Friday, August 10, 2007

a note of conscience in conceptual adventuring

A key feature of misunderstanding (or misreading) another person or text passage (posting, synoptic statement) is doing too much with little information. This might be innocent and creative, e.g., being inspired to think richly by ideas or questions. But it can inhibit mutuality of understanding to draw another’s representations far into foreign territory without tracking the draw, if you will. There’s nothing harmful about drawing freely, as long as one doesn’t lose sight of the difference between a representation’s own context and its deployment in one’s own conceptual adventure.

Anyway, it’s important to recognize when one is reading beyond the “object” and not lose sight of the difference between phenomenon (definitely describable in its context) and interpretation (redeployment beyond its own situation or, if you will, beyond its intended situationality).

This appreciation might be a keynote for critically recognizing mis-takes. It requires a capability of easily appreciating the “thing” itself, in its own integrity (or genuineness of location), such that one’s drawing freely can be distinguished, “in its own right” (or integrity), from the thing inspiring one’s adventure.

Given this, it may matter little that writing becomes unrelated to what inspires it or to what the other intends, as long as the difference is noted, which certifies the integrity of the difference. The other writer (or speaker or interaction partner) might be at least entertained (in a recreational sense) by seeing the difference between what one intended and how one was found entertaining, in the serious sense of entertaining an issue (or piece of text) in thought, then through writing.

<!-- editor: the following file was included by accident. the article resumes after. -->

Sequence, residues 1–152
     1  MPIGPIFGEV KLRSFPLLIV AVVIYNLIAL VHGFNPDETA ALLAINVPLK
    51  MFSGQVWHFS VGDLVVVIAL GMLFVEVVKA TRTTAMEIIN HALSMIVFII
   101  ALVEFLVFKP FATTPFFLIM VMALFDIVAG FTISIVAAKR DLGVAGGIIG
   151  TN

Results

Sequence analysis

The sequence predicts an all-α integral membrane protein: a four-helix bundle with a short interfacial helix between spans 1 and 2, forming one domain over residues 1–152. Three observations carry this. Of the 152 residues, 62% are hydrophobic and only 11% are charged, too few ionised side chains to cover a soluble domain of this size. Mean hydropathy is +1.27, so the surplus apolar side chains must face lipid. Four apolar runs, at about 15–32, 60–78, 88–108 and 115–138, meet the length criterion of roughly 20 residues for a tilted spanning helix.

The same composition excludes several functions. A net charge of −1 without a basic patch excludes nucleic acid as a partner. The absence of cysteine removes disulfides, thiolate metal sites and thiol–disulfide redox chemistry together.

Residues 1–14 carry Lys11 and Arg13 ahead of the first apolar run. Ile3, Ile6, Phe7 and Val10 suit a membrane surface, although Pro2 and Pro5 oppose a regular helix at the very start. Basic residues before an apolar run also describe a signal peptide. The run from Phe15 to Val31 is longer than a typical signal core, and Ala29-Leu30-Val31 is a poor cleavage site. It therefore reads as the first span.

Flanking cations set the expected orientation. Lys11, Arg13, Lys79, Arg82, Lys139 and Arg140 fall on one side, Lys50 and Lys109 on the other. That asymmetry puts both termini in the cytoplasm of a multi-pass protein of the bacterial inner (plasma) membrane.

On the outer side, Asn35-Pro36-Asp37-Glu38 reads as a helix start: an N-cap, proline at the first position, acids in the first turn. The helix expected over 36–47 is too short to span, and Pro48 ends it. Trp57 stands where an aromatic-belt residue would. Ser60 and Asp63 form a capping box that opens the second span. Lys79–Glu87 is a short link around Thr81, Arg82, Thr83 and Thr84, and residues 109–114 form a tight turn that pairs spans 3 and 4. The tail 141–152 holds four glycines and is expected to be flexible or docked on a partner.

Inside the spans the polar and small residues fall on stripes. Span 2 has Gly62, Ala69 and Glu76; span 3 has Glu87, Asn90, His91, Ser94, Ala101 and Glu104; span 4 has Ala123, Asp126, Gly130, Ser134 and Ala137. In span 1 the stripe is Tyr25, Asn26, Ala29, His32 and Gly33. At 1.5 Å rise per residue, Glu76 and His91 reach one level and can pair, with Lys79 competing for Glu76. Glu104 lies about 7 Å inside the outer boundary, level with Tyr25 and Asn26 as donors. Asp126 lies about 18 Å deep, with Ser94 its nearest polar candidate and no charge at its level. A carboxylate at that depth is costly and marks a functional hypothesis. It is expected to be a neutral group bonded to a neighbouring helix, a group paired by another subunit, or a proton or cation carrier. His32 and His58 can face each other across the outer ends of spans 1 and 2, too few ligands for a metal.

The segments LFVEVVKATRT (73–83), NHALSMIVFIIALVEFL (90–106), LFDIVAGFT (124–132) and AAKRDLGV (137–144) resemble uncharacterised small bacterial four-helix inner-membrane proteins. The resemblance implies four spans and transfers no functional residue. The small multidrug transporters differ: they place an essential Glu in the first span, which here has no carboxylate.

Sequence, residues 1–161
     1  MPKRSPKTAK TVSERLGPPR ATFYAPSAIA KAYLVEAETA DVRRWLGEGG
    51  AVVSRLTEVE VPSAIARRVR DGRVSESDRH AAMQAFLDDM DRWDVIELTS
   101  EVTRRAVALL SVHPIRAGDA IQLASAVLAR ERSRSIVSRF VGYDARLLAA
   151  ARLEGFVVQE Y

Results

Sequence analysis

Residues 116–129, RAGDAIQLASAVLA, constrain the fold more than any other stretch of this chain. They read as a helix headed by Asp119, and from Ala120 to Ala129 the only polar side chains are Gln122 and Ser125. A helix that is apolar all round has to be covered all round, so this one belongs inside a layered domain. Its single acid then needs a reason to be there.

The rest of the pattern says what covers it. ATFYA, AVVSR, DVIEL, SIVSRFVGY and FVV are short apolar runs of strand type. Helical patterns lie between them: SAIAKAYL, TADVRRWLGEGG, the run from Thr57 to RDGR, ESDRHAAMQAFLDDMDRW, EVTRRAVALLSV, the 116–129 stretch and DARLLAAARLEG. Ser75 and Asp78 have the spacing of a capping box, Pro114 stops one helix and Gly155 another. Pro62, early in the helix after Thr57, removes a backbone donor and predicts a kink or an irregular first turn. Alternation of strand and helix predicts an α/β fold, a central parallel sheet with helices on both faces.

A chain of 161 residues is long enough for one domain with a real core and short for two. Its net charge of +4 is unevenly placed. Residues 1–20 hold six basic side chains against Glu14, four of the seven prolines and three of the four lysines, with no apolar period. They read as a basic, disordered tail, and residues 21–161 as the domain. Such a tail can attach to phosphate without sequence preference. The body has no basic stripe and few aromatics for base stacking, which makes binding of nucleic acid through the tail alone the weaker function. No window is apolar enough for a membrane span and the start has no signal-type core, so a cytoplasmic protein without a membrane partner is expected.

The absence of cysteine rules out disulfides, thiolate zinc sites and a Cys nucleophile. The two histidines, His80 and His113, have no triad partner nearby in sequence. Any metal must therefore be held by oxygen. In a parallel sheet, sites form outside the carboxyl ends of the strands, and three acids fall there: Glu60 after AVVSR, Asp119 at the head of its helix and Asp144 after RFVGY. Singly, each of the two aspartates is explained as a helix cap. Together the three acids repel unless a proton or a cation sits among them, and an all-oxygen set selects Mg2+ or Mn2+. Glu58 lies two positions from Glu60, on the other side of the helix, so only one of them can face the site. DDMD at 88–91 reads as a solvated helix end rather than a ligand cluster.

Even with care in reading or listening, not-yet-understanding is inevitable in the beginning, which is not yet misunderstanding, but looks the same to the drawn-in other when their text/speech is already redeployed in some conceptual adventure.

Fully granting that I don’t yet understand, I might trust that I’m read to be acting genuinely by drawing what you say into foreign territory, because I’m inspired to improvise on what I’ve “read”. But I should appreciate what I’m doing and not hold you accountable for my redeployments.

Better yet, I should thematize the excursion, differentiating overtly what you say from what I’m doing. I might trust that you see the difference, and I might be wrong, such that you’re offended. You have to let me know.

Learning never ends.